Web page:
Chiang Kai-shek Memorial Hall to face ‘transitional justice’

Taipei--Culture Minister Cheng Li-chiun (???) on Saturday announced a series of measures to push for transitional justice, including transforming the Chiang Kai-shek Memorial Hall, as Taiwan prepares to mark the 70th anniversary of the 228 Incident.

Cheng said the previous practice of playing a song in memory of the late president at the opening and closing of the hall was stopped on Feb. 23.

The ministry also stopped the sale of commodities such as figurines and stationery associated with the authoritarian ruler on Feb. 10.

Many believe Chiang was behind the government's crackdown on the local population related to the 228 Incident that, according to a previous investigation commissioned by the Cabinet, left 18,000 to 28,000 people dead.

The incident was triggered by a bloody clash between government officials and an illegal cigarette vendor in Taipei on Feb. 27, 1947.

The event quickly turned into an anti-government uprising and was put down by the Kuomintang (KMT) government, which at the time was still based in China.

Chiang also had thousands of Taiwanese arrested or killed for political reasons during the "White Terror" era in the decades after he took power in Taiwan in 1949, when the KMT fell to defeat in China's civil war and retreated to the island.

Cheng argued that the hall was built during a period of authoritarian rule to commemorate an authoritarian ruler and that it needed to be transformed in the pursuit of historical truths.

To that end, the ministry has invited scholars and experts to form a panel to guide the transition of the hall that opened to the public in 1980 and occupies a 250,000-square-meter area in Taipei's affluent Zhongzheng District, she said.

Cheng hoped proposed revisions of the hall's organic law can be drafted within six months, and said a possible name change, the hall's honor guards and public displays and whether or not to remove the statues of the late president "could all be discussed."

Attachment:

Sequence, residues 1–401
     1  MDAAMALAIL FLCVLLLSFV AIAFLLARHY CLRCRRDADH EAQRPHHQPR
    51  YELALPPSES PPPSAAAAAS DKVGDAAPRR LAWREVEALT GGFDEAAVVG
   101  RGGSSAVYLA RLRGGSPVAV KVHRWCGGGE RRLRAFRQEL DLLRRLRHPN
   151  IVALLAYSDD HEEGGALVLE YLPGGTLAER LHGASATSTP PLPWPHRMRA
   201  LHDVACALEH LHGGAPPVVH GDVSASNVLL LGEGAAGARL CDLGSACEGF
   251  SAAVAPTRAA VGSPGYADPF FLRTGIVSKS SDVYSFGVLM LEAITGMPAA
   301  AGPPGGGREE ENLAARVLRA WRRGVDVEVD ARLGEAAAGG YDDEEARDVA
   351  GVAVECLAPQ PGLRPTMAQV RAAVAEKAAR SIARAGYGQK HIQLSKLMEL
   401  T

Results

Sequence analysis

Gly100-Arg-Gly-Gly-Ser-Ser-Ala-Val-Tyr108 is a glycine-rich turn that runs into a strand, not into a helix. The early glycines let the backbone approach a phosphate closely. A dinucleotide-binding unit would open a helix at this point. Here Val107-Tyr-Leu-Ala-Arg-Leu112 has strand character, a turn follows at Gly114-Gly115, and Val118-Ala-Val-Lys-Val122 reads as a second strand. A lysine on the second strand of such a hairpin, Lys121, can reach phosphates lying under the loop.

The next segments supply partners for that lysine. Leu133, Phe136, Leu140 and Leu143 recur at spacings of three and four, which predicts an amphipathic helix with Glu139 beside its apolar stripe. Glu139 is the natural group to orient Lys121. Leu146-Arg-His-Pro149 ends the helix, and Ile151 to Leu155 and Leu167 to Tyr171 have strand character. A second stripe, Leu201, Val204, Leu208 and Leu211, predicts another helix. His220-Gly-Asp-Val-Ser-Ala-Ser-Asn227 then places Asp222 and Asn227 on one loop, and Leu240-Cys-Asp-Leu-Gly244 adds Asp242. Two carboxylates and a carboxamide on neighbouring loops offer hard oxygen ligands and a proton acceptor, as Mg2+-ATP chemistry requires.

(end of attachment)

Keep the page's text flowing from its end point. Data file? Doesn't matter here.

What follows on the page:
Before the law is revised, the hall will be returned to a more or less a neutral state, Cheng said, with the gallery, the exhibition rooms and performing hall giving priority to artistic and literary activities.

The items on display that do not belong to the memorial hall will be returned to Academia Historica (???) and other agencies, she said.

Cheng noted that many people perished during the 228 Incident and the ensuing white terror era, and in the past, the government focused on "apologies and compensation."

But she said the pursuit of transitional justice will "push for reconciliation and regaining public trust," which she said should shed light on the perpetrators of the 228 Incident and rehabilitate the victims' names and reputations.

Cheng's announcement drew criticism from the opposition Kuomintang.

KMT Chairwoman Hung Hsiu-chu (???) said to stop playing the song in memory of the late president was "unwise" and could incite social rivalries, hatreds and division.

KMT Vice Chairman Hau Lung-bin (???) described the move as ideologically driven and "very inappropriate."

Chiang Wan-an (???), a KMT legislator and great grandson of the late president, said he supported presenting both the late president's merits and faults.

"If the current government only dwells on his faults, what's the difference between this government and the authoritarian one," Chiang asked.

Faced with the criticism, Cheng said that pushing for transitional justice was not a bid to "remove the last vestiges of Chiang."

"On the contrary, we want to face up to his legacy," Cheng said.

Cheng said the push for transitional justice should not be oversimplified, because it is a historical fact that Chiang was the president of the Republic of China (1948-1949 and 1950-1975).

Promoting changes to the Chiang Kai-shek Memorial Hall should also not be seen as simply "removing vestiges of Chiang" and or as being related to national identity, she said, describing the move instead as "facing history, addressing the wounds and respecting human rights."

Each year as Feb. 28 approaches, there are reports of vandalism of statues of the late president, and this year was no exception.

Apple Daily, a local tabloid, reported that cases of vandalism have occurred since Free Taiwan Party Chairman Tsai Ting-kuey (???) launched a drive for people to rally at the hall's Liberty Square on Feb. 28 to take part in an activity to oppose authoritarian symbols and topple Chiang statues.

A Chiang statue at the entrance of Academia Sinica, Taiwan's leading research institution, was vandalized Saturday morning.

The cement pedestal of the statue was sprayed in red paint with the words, "Culprit of the 228 Incident. Go to hell."

Similar acts of vandalism were reported at a park in Taipei's Daan District and at National Chengchi University early this week.

Source: Focus Taiwan News Channel